However, when islanders migrated to the mainland, they cut back on drinking cocoa and their blood pressure rose. Alarmingly, their rates of death from heart disease, cancer and diabetes became much higher than those of island-dwellers. It seemed that cocoa made the difference (Hollenberg et al., 2009). 

Many later studies support the idea that cocoa promotes healthy low blood pressure. One of the clearest tests was a double-blind, controlled study of 90 elderly individuals in L’Aquila, Italy, who were randomly assigned into three groups: a group that drank a high-flavonoid cocoa every day, one that drank a less potent version and one that drank an even weaker one. After eight weeks, the volunteers showed improvements in blood pressure, and the more potent their cocoa, the greater the improvement (Mastroiacovo et al., 2015).    

Does chocolate increase insulin sensitivity?

It may sound odd that chocolate would lower blood sugar, but again, remember we’re not talking about sugary bonbons (Greenberg, 2014, Veronese et al., 2019). The L’Aquila study is again a good example, as it found improvements in insulin sensitivity linked to flavonoid power.  

Its primary purpose, however, was to test if cocoa would make the elders mentally sharper, and indeed the more potent cocoas pushed up their performance on cognitive tests (Mastroiacovo et al., 2015). The researchers proposed that the improvement was most likely a positive effect of better insulin sensitivity. 

Should you eat dark chocolate on a date?

Why not? A dose of good chocolate could boost your performance in any stressful situation. In one study, researchers put healthy men through standard tests of psychological stress that included public speaking and doing mental arithmetic. Two hours earlier, they had been dosed with either dark chocolate or the same amount of chocolate stripped of its flavonoids. The men who ate the real stuff were much less stressed, according to measurements of blood chemicals (von Kanel et al., 2014). Young women also benefited from a dose of 85 percent chocolate in another stress test. This time researchers compared measures of heart function and found the women buoyed by dark chocolate were less reactive than a group that ate milk chocolate instead (Regecova et al., 2019).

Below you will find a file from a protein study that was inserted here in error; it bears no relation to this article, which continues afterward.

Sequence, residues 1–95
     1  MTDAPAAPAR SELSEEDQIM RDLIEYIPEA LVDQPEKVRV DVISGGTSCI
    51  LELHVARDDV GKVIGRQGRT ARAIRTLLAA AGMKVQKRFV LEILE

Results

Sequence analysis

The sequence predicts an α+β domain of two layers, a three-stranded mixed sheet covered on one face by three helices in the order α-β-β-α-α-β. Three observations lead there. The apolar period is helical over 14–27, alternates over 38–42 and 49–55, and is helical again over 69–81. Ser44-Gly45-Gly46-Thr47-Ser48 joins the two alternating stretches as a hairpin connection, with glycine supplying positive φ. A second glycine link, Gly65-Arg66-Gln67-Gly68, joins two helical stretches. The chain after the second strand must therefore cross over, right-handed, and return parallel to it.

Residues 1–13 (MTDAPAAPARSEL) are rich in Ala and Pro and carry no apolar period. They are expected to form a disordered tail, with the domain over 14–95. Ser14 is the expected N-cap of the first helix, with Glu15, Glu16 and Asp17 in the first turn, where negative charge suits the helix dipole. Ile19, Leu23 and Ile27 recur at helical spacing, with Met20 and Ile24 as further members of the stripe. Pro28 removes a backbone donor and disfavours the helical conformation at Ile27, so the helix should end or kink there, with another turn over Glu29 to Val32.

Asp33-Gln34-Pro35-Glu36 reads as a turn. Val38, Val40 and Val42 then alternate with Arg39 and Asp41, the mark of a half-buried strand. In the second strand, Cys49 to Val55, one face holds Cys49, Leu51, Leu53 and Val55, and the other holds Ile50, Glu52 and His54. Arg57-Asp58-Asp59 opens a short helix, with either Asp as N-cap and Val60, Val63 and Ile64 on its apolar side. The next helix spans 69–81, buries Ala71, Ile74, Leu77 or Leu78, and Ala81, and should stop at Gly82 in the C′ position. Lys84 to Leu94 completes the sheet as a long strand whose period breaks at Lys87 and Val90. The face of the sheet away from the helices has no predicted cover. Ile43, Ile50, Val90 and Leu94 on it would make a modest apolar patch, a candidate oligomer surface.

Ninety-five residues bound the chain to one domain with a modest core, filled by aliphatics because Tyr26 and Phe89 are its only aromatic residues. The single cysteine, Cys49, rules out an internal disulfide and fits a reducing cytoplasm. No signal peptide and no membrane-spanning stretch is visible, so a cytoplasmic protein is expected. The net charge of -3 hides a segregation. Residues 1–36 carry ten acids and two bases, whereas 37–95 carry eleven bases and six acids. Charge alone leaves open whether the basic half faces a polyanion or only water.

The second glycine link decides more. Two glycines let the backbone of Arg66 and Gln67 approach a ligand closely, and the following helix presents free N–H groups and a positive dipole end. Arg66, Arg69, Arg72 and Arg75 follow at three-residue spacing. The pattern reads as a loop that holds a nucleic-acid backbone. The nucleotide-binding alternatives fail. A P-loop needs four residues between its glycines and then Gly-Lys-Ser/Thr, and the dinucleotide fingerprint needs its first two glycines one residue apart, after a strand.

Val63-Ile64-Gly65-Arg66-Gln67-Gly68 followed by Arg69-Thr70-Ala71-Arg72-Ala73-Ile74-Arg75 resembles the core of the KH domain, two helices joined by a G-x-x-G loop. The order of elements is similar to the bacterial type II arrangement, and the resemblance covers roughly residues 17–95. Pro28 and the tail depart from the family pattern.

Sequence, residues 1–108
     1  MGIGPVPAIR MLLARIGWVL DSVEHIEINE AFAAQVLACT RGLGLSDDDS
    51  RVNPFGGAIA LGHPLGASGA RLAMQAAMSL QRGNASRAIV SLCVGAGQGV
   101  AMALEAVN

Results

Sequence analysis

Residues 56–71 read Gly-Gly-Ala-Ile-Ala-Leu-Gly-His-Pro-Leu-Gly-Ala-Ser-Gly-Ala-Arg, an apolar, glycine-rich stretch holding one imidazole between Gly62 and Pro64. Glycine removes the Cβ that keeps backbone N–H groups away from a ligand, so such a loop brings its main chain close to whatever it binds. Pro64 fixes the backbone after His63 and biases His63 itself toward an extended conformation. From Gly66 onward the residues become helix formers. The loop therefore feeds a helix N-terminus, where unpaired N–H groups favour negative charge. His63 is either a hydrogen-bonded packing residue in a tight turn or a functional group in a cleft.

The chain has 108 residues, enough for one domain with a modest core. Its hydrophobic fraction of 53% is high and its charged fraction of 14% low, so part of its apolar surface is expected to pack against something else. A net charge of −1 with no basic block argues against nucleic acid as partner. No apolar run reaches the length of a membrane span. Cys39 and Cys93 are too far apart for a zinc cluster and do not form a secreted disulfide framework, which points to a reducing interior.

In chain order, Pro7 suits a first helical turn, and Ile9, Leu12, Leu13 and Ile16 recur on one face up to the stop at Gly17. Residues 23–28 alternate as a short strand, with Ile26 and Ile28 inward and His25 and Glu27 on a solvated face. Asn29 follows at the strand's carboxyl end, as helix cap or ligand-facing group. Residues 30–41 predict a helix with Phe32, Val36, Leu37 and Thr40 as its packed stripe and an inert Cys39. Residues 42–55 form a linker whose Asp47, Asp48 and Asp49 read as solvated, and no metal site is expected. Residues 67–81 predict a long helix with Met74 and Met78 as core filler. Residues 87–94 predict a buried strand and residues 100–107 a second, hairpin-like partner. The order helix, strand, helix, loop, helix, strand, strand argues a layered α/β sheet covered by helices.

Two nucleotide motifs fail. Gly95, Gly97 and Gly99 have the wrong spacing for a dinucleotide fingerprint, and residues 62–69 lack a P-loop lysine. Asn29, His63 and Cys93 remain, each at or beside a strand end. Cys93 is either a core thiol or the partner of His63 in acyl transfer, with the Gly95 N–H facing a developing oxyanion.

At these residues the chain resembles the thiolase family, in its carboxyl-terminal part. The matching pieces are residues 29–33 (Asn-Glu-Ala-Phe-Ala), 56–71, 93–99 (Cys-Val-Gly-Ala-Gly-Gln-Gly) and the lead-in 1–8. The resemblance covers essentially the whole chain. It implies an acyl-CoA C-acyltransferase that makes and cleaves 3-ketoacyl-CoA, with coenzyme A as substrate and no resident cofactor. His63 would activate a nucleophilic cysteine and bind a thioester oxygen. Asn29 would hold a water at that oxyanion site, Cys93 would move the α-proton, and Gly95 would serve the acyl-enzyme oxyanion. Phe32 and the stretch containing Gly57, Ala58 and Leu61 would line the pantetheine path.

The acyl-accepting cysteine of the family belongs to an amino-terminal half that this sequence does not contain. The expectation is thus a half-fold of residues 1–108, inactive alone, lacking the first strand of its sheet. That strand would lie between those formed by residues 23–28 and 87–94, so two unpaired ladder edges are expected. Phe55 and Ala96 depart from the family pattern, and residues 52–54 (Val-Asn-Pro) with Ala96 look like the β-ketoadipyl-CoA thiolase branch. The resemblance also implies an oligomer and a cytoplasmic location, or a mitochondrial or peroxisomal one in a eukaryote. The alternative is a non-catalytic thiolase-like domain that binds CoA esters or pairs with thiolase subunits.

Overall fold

Overall, it’s likely that chocolate is good for your heart, and not only as a red heart-shaped gift from your true love. In a study following nearly 21,000 participants over around 12 years, dark-chocolate lovers enjoyed lower chances of heart disease and stroke (Kwok et al.,2018). A meta-analysis of 23 studies published through June, 2018, concurred, as long as you don’t eat more than about 3.5 ounces a week (Ren et al., 2019). The effect may be stronger for women, other research has found (Gianfredi et al., 2017). 

Anecdotally, I can confirm all of the above. I recall bringing extra-dark chocolate with me on a hike, a date with a promising man. I brought enough for both of us, and so did he. “Women need chocolate,” he said, confessing that he liked only the sweeter kinds. Crediting me with my “chocolate independence” became one of his ongoing jokes. 


CFR - Code of Federal Regulations Title 21. Accessed July 23, 2020.